Retail

How Choosy Is Resetting Fast Fashion

For some, the Instagram Outfit of the Day is a big deal – the #OOTD is a hashtag that links, at the time of writing, to 199,466,186 posts on the social sharing site. In fact, it’s a big enough deal to some shoppers that a trend has arisen where grown adults (often men) are shopping online to find that perfect #OOTD, only to order it, wear it once and then return it after it has served its purpose.

But other than triggering questionable ethics in shoppers’ behavior, the Outfit of the Day has also inspired a new kind of eCommerce experience, care of the emerging brand Choosy.

As the web’s newest competitor in the ongoing rush of the fashion hunger games, Choosy has set its sights on the coveted outfits of the Instagram features, designing its offerings to make those fashions much more accessible and searchable than they’ve ever been. Why admire it on Instagram when you can buy one of your own?

In fact, if you think about it, given the prevalence of returning those outfits of the day, Choosy might increase the likelihood of someone seeing and actually owning the ensemble, as opposed to the person who originally rented and modeled it.

Choosy aims to bring outfits from users’ feeds – or at least reasonably good facsimiles of them –directly to their doors. The concept, according to the team, is to make it easier and more pleasurable – for people of all sizes and levels of wealth – to shop the latest trends. The ideology is that just because the outfit of the day doesn’t quite match up with a potential buyer’s figure or checking account balance, that doesn’t mean something equally fabulous can’t be conjured up – someone just needs to do the conjuring.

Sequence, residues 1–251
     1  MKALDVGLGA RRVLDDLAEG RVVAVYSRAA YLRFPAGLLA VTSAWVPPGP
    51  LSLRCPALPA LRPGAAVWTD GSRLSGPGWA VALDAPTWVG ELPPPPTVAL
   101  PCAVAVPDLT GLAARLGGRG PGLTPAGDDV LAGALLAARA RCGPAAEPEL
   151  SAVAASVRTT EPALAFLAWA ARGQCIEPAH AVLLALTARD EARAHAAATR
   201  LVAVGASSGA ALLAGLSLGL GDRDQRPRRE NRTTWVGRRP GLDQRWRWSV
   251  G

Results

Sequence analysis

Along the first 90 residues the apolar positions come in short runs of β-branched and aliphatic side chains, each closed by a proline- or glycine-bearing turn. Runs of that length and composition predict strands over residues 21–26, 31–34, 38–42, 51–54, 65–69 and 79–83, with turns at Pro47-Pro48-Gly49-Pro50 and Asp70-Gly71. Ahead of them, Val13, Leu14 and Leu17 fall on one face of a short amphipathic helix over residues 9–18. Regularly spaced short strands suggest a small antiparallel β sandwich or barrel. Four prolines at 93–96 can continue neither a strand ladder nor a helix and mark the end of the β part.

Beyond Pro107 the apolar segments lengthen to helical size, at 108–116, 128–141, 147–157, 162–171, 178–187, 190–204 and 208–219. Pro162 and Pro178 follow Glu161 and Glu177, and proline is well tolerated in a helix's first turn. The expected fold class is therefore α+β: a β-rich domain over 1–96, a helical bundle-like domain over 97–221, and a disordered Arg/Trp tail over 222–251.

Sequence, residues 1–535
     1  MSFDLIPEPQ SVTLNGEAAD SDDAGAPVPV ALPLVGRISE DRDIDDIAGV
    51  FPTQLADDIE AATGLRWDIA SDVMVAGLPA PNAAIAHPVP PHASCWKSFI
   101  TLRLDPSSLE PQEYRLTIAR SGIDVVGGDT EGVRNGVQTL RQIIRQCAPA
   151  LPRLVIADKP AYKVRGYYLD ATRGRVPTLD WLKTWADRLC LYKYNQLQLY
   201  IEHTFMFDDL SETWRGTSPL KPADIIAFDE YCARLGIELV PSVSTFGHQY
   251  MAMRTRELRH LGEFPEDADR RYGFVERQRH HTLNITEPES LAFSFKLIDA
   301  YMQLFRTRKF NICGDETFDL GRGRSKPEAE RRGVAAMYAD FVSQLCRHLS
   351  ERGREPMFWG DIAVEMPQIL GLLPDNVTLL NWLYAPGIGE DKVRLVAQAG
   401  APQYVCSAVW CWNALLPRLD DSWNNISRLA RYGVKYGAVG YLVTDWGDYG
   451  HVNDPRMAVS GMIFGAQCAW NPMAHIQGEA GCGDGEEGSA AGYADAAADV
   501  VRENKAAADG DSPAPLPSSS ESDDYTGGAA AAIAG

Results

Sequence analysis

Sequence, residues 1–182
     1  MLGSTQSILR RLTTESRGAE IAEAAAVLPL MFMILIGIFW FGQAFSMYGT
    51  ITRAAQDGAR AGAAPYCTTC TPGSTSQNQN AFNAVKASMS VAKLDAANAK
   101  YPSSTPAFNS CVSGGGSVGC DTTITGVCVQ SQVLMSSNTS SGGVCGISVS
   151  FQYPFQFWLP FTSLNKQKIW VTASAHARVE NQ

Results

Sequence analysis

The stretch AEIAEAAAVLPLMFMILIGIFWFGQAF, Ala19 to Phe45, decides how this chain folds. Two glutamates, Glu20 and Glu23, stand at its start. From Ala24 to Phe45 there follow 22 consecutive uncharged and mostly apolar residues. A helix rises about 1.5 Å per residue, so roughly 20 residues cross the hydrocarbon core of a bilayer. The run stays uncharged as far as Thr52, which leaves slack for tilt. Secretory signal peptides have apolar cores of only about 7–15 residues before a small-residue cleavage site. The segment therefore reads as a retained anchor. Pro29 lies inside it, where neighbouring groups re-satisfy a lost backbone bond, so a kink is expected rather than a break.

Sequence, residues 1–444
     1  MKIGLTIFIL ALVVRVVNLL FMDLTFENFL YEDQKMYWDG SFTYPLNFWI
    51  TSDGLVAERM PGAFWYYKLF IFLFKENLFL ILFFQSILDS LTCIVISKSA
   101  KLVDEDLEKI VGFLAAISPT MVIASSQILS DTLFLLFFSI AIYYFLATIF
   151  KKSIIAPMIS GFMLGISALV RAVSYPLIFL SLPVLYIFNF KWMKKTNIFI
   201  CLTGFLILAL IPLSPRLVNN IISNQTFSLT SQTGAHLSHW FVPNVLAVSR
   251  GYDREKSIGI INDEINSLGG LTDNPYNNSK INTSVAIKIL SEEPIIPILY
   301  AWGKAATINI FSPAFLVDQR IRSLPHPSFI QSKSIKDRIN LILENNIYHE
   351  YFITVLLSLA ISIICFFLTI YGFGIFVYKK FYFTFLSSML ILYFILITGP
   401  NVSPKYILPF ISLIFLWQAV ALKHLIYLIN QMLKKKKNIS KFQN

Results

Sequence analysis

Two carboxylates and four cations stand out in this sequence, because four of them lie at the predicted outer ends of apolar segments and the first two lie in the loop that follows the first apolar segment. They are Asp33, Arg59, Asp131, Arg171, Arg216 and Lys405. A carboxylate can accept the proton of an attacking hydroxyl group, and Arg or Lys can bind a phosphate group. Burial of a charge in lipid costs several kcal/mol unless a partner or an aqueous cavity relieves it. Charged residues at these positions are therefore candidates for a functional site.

Choosy is hoping to be that entity.

Stocking sizes from 0-20 with a price point always below $100, Choosy hopes to keep all of the on-trend materials on hand that an Instathusiast might want. When the shopper is scrolling Instagram and spots an outfit they want to make their own, they can then tag the post “#GetChoosy.

The GetChoosy hashtag is essentially the site’s equivalent of the bat signal: Once the consumer throws it up, the firm’s team of “Style Scouts” works with its AI system to search the comment section of the post to find out which items in the particular #OOTD people are most interested in. Depending on where the heat is, Choosy will then make that coveted look available on their own site within 48 hours.

All in, Choosy aims to show off five new style pieces per week, all influenced by what the social webs are tossing up in terms of celebrity and influencer fashion. But, of course, shoppers have to act quite fast: As soon as a customer orders her pieces, Choosy will design and ship at that specific volume, usually delivering within two weeks. The good news is there’s no waste, because they have no inventory – they more or less make fashion items on demand. But for shoppers, the race is to the swift: Once the order period is closed, so is access to that fashion item.

There is a question as to whether what Choosy is doing constitutes, well, stealing – particularly of other brands’ designs, though Choosy doesn’t see it that way.

“Choosy is absolutely not copying designs — they identify popular silhouettes (i.e. silk pants, bomber jacket, pleated skirt), and they have an in-house design team that creates styles inspired by what their shoppers are loving,” a representative shared. “Their styles are a direct response to their customers being inspired by a certain silhouette, and their designers pay expert attention to fit, as their styles need to fit women sizes 0-20. They have an entire team of seasoned designers whose roles are to create, not copy.”

Still, there is a thin line between creatively paying homage and just outright copying. After all, Choosy’s value proposition largely rests on successfully imitating coveted Instagram items. If the imitation isn’t close enough, those choosy buyers will likely take a pass.

Logistically speaking, Choosy is currently available in the U.S., and is offering free shipping for a limited time. Customers have 14 days to experiment with their clothes before they can no longer return them.

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